This article was originally published on LinkedIn. Read the original copy here.
Photo credit: Andy Mitchell
This is a long one, but it’s a complex topic that so many brands get wrong. Stick with me and I might just change your mind about how you handle online scrutiny.
As the face of your company, the idea of handling customer feedback in a very public way can be a frightening prospect for any communications professional. We love to hear positive feedback when it can be easily shared, but when a negative comment comes across and, even worse, begins to take off in the social sphere, is your first impulse to shut it down?
Can I make a recommendation? Roll with it.
Time and again, we’ve seen even the most common household name companies get trapped in social media controversy because of one thoughtless tweet or post.
Whether it’s going political in a very bad way like Kitchenaid’s Obama’s dead grandma “joke”, a hijacked hashtag campaign-gone-wrong like McDonald’s infamous #McDStories, or sensitive contextual fumbles like American Apparel’s Challenger explosion promotional tweet, nothing tells your customers that you’re out of touch like a social media debacle. These examples are cringe-worthy, but your customer care program is even more sensitive to mistakes on social media than regular marketing efforts.
Let’s start with what not to do when you receive a negative comment via social media:
Become an Ostrich
Like sticking your head in the sand with fingers in both your ears, social ostriches commit behaviors like:
- Argumentative or defensive responses – Remember, this isn’t about winning an argument or proving your customer wrong. You should be working together with your customers towards a solution, not focusing on who is right or wrong.
- Lacking empathy – Whether you agree with the feedback or not, the customer has experienced something they feel negatively about – and those feelings need to be acknowledged and addressed.
- Censorship – There is hardly a worse response to public customer feedback than deleting negative posts or comments. This will inevitably lead to customer outrage and inflation of a situation that could have been diffused, or even better, turned into a customer win! Take a look at this example fromSmuckers. (Regardless of your take on GMOs, if you’ve ever taken a debate class, you know it’s better to anticipate and address objections, rather than try to hide from them.)
- Abandonment – A social communication program is designed to be a fluid, on-going conversation between you and your customers. You can’t have a conversation with your customers when you’ve left the room. If you have a social media presence, ensure that you have resources dedicated to nurturing that program and being there when your customers need you.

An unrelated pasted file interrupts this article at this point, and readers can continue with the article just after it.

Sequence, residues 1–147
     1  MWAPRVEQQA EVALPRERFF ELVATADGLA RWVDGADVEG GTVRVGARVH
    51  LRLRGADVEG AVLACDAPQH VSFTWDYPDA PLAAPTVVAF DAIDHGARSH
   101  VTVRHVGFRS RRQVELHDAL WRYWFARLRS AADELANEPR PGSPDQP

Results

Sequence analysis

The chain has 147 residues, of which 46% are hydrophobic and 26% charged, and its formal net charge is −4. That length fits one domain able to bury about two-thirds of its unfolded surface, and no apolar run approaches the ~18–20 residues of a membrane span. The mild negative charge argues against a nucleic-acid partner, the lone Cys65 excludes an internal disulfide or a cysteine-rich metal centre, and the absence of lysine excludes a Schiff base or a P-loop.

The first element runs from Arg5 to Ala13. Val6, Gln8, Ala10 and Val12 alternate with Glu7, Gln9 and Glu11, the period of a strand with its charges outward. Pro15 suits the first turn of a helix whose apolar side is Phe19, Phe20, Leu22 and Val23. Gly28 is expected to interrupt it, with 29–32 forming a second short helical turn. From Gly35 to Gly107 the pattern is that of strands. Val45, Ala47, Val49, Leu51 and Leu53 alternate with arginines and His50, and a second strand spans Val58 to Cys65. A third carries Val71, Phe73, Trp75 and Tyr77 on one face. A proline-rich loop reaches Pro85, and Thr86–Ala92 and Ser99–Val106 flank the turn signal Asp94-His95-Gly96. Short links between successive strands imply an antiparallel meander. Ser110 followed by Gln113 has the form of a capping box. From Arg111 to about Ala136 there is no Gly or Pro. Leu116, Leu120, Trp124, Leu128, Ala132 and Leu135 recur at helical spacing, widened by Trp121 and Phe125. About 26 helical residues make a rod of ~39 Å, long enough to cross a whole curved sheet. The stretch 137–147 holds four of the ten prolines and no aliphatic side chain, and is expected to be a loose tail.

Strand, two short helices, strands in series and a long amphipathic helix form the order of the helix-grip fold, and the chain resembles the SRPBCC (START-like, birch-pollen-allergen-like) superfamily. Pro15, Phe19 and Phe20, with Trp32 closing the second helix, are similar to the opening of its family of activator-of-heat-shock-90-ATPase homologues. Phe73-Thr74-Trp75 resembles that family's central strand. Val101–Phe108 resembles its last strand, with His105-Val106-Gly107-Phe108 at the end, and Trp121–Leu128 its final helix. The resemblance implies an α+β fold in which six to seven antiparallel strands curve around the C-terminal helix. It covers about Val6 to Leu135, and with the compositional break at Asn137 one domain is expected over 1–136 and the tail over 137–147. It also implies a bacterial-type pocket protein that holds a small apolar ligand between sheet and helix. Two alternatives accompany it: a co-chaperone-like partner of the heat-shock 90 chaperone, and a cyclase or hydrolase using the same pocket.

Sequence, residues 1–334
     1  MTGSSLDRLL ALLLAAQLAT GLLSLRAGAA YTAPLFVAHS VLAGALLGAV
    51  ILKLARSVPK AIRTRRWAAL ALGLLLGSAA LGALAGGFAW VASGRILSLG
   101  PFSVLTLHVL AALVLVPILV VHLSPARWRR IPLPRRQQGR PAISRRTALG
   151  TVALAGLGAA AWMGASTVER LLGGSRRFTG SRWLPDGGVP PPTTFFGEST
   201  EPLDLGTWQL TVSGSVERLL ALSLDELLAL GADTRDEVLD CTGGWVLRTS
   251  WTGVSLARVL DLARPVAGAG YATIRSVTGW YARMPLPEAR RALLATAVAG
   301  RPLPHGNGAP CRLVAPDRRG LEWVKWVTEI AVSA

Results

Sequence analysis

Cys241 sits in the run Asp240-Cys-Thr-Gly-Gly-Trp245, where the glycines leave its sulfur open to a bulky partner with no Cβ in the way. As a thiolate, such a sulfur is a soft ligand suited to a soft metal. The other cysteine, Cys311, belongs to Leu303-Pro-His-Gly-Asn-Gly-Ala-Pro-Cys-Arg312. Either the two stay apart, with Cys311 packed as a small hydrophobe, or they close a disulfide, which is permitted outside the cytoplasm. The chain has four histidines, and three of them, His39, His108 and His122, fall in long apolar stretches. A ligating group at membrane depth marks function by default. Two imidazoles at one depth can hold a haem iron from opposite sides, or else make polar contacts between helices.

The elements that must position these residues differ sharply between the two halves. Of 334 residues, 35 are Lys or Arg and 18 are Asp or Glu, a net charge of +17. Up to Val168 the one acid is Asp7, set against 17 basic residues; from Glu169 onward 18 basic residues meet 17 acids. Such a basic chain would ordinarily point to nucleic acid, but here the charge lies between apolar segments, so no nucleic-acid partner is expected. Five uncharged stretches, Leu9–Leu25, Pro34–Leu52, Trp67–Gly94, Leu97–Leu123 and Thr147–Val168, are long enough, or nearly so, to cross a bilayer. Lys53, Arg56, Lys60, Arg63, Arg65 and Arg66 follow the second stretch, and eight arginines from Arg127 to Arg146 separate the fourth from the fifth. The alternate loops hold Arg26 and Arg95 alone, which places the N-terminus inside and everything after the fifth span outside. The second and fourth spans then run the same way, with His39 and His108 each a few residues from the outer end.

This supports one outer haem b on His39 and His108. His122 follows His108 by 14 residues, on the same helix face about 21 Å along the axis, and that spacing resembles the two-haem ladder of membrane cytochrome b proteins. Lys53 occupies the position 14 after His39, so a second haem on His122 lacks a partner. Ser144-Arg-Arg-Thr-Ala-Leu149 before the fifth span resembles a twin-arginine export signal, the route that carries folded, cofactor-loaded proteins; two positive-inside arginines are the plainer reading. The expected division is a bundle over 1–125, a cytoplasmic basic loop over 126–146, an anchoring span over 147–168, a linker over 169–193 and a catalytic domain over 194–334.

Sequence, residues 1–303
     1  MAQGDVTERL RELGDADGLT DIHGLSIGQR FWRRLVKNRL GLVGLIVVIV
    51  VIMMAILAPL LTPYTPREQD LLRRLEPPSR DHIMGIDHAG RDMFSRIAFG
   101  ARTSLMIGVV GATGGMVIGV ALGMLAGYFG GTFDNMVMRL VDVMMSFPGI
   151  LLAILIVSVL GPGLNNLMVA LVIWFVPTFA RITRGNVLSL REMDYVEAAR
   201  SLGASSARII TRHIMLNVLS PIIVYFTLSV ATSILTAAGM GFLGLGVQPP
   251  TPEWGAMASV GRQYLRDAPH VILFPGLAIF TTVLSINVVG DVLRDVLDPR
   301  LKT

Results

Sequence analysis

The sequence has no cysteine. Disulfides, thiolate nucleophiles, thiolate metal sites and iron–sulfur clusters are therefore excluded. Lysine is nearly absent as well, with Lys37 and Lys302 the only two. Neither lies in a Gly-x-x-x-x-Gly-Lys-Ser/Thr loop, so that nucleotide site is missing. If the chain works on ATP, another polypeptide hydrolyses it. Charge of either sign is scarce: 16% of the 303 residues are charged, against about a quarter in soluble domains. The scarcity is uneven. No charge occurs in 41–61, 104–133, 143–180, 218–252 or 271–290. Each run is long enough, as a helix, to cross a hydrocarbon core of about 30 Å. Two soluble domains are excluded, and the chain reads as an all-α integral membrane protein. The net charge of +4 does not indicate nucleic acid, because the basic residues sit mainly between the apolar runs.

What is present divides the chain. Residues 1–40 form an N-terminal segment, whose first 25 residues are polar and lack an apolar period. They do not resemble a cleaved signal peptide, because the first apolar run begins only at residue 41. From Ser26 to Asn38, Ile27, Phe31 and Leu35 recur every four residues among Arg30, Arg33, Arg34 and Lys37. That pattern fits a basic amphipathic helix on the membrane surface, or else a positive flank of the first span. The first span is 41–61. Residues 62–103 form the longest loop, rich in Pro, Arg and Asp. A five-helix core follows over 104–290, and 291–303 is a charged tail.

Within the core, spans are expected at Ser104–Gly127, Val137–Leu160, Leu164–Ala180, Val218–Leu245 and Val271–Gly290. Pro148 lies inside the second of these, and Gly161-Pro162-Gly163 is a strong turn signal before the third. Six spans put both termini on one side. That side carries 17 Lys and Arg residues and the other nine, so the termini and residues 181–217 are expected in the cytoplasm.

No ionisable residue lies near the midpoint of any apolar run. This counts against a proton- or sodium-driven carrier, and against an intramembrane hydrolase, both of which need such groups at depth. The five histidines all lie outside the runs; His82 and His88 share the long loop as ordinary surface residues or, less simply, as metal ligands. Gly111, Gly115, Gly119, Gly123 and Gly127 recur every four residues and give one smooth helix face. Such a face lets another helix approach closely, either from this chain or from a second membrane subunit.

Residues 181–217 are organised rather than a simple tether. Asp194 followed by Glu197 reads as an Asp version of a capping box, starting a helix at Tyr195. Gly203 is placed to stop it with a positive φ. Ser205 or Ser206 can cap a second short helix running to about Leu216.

Each of these activities sends the message to your customers that you are just not that interested in their happiness.
So, what can you do to turn these challenges into opportunities?
Understand your customers’ needs and wants. Anticipate their objections. Understand your weaknesses and be prepared to address them.
Today’s web-savvy customer has a great bullshit detector. Excuse the language, but you won’t get any filter or mercy from an upset customer (or the internet at large) either. It’s best to be authentic, genuine, and, above all, human.
Focus on Solutions
More than anything, customers want solutions – not excuses, not platitudes, not arguments. Your role in their life is to make things easier, better, faster, more efficient, more profitable, etc. If their relationship with you becomes difficult, you must find a way to resolve it or they will find someone easier to work with. Remember, your customers are generally reasonable people, with legitimate wants and needs. Your relationship with them requires work, compassion, and compromise. It may help to ask yourself some questions:
- What is the real problem and do I fully understand the customer’s perspective? Sometimes you may need to dig deeper and ask more questions to get a full understanding of what led to this issue and what the core problem is (instead of just the symptoms).
- How can I make this person feel better about the situation? Sometimes, a little kindness and empathy goes a long way. Again, understanding the full cause and scope of the problem can help to refocus the conversation on solutions instead of finger-pointing. However, sometimes a more concrete solution is required.
- What do I have the power to do to resolve this situation? Understanding both your limitations and your opportunities can help you determine your next steps and what you can offer the customer.
- How can I turn this into a referenceable conversation? I don’t know about you, but I don’t like to settle for satisfied customers. I want raving customers, who can’t wait to share how happy I’ve made them.
- How can I show other customers who are watching or participating in this discusssion that I and my company do care and will commit to doing everything we can to understand and fix the problem? Remember, you can’t give away the house to make one customer happy and your chief responsibility is to find a solution that works for your customer and your company.
Of course, it’s much easier to diffuse tense customer situations on a one-on-one basis, but as more and more customers are turning to social media to voice their complaints, companies without a solid feedback process and strategy may end up getting caught with their proverbial pants down when a customer issue arises.
Is your team prepared to handle the complexities of customer care in the social world?